May 2007
Signage 101 By Emily Stefanski and James Gibson

Do you own a computer and a printer? If you said “yes,” it’s time to completely eliminate all hand-written retail signage. Hand-written signs might have been OK in the past, but just like avocado-colored refrigerators, they have gone out of style. With the advancement of computer technology, software and waterproof paper, there is no excuse not to design, print and laminate signs in-house. This article will highlight the advantages of signage and ways to use them.

Signage Basics

The goal of signage is to intercept natural sight lines, especially when the customer is amenable to receiving a message. You need customers to see the sign before you can deliver your message. If you are creating signs to attract attention and provide a basic message, the rule of thumb is two seconds per sign, limited verbiage with a large font size. Examples would be signs on your storefront or in the transition zone (area just upon entering the establishment). Traffic signs are a prefect example of this; they have a succinct message, unique shape and distinct color. Also, traffic signs use the rule of redundancy to engrave their messages into our brains — the goal is instant recognition. Your store’s signage will not be identified as easily as traffic signs; however, the principles can still be applied.

Signs also need to be targeted to customer flow. Think of your local drug store. Your first goal is usually to head to the pharmacy counter. Following that transaction, you have time to shop the rest of the store. Going from front to back and back to front of your business, customers may have different priorities. This consumer behavior also applies on the path to your restrooms. Customers going there are not stopping and reading signs; however, upon exiting, they are more relaxed and can now start to interpret your signage.

If you have a detailed sign you would like customers to read, remember to place it where there’s time to interpret an elaborate message. For example, think about the post office: The signs visible in the cashier line are seen by many and can be more advanced. On the other hand, signs in the writing and weighing areas are not as extensive because people are too busy with their packages.

Taking It Up A Level

Now that you’ve reviewed the basics, why not take your signage up a notch? Extreme signage time! Many marketing companies offer programs that produce departmental banners that can coordinate with your bench cards, plant tags, etc. This can be a pricey investment, but one that will last from year to year. If you are not quite ready for this, at least consider departmental banners. These alone can answer a lot of customer questions.

Try incorporating your store’s logo into the majority of your signs to remind customers where they are shopping on a consistent basis. If you are creating the bulk of your signage in-house, be sure to have a copy of your business logo on your computer to incorporate into your signage whenever possible. Also, think of unique areas to post some of your signs, i.e. in the restrooms, on your shopping carts or buttons on your employees’ shirts.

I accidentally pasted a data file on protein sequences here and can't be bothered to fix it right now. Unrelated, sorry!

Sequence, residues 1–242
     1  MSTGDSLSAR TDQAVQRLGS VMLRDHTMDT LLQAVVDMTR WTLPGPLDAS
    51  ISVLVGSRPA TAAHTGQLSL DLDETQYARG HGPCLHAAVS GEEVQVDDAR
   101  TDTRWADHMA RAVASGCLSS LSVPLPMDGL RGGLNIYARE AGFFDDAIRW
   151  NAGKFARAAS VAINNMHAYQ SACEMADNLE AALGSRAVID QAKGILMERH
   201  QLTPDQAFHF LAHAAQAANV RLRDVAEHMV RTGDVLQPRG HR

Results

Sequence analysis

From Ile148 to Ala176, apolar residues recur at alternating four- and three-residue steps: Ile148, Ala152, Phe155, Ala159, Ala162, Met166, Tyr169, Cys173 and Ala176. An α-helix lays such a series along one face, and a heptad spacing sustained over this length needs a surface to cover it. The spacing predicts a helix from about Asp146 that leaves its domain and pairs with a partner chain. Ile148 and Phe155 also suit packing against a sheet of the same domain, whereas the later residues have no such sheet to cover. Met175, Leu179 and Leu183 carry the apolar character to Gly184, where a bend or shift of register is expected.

How about involving your staff in the creation of visually stimulating signage? Distribute samples of new plants and different products for them to try out at home; in return, they have to type up brief reviews of the plant or product along with providing their pictures. This information can easily be made into signs to be displayed around your store and helps relieve consumer hesitation towards the product.

Give your customers ideas of what to do with your plants and products. A good source for this is to scan gardening and do-it-yourself magazines for project ideas. Recreate these ideas in your store and setup a display with a project how-to sign and all the supplies needed. You could even go a step further and create a weekend project area and provide new ideas each week for easy gardening, landscaping and decorating projects to do in a weekend or less. What a fun area to browse and gain ideas for your regular Saturday-morning shoppers.

Remember to always ask your vendors and suppliers for all available advertising and point-of-purchase materials to incorporate alongside your plants and products. Looking for something a little more unique while adding personality to your store? What about looking into an independent artist section? With a little research, you can find sales representatives that specialize in independent artists. Most artists will gladly put together information about their products and background information about themselves to provide alongside your display. These one-of-a-kind items give you yet another way to set yourself apart from the mass merchants.

The Silent Salesperson

Signs are your silent salespeople. Signage can help highlight new plants and products. They provide reassurance on items that some customers may find intimidating. Also, the use of signage can provide more reasons than the obvious for purchasing items. The more thinking you can do for your customers, the more incentive there is for them to make purchases. When you make this buying process easier, you are assured, almost guaranteed, an increase in sales.

Emily Stefanski and James Gibson

Emily Stefanski is a graduate research assistant at the University of Florida, Department of Environmental Horticulture, Institute of Food and Agricultural Sciences. She can be reached at [email protected] or (352) 262-0239. James Gibson is assistant professor at the University of Florida, West Florida Research and Education Center, Institute of Food and Agricultural Sciences. Contact him at [email protected] or (850) 983-5216.